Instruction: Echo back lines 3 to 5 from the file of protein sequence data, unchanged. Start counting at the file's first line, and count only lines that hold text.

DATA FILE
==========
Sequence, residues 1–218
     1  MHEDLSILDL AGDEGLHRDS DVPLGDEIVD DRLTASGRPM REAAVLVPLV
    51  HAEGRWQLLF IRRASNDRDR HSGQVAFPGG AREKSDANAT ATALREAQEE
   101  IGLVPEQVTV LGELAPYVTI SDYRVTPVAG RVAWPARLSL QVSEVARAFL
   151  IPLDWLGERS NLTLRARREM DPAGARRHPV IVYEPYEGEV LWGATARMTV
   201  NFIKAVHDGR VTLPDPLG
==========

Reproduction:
    51  HAEGRWQLLF IRRASNDRDR HSGQVAFPGG AREKSDANAT ATALREAQEE
   101  IGLVPEQVTV LGELAPYVTI SDYRVTPVAG RVAWPARLSL QVSEVARAFL
   151  IPLDWLGERS NLTLRARREM DPAGARRHPV IVYEPYEGEV LWGATARMTV